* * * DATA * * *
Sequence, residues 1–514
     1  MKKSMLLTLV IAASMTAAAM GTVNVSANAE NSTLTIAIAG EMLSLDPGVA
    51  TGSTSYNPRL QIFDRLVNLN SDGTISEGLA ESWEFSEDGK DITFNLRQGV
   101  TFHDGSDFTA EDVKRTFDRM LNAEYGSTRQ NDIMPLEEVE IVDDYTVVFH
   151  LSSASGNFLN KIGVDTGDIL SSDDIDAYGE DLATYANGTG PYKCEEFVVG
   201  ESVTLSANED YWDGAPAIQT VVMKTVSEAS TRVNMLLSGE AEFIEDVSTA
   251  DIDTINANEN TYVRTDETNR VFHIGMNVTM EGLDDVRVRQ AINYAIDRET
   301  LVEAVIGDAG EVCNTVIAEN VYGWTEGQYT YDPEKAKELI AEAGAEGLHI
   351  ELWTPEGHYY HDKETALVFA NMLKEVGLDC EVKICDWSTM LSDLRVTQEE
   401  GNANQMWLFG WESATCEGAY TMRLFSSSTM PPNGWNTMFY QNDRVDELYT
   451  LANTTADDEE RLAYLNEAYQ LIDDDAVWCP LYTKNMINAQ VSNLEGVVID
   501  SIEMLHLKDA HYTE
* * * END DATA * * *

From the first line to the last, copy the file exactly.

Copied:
Sequence, residues 1–514
     1  MKKSMLLTLV IAASMTAAAM GTVNVSANAE NSTLTIAIAG EMLSLDPGVA
    51  TGSTSYNPRL QIFDRLVNLN SDGTISEGLA ESWEFSEDGK DITFNLRQGV
   101  TFHDGSDFTA EDVKRTFDRM LNAEYGSTRQ NDIMPLEEVE IVDDYTVVFH
   151  LSSASGNFLN KIGVDTGDIL SSDDIDAYGE DLATYANGTG PYKCEEFVVG
   201  ESVTLSANED YWDGAPAIQT VVMKTVSEAS TRVNMLLSGE AEFIEDVSTA
   251  DIDTINANEN TYVRTDETNR VFHIGMNVTM EGLDDVRVRQ AINYAIDRET
   301  LVEAVIGDAG EVCNTVIAEN VYGWTEGQYT YDPEKAKELI AEAGAEGLHI
   351  ELWTPEGHYY HDKETALVFA NMLKEVGLDC EVKICDWSTM LSDLRVTQEE
   401  GNANQMWLFG WESATCEGAY TMRLFSSSTM PPNGWNTMFY QNDRVDELYT
   451  LANTTADDEE RLAYLNEAYQ LIDDDAVWCP LYTKNMINAQ VSNLEGVVID
   501  SIEMLHLKDA HYTE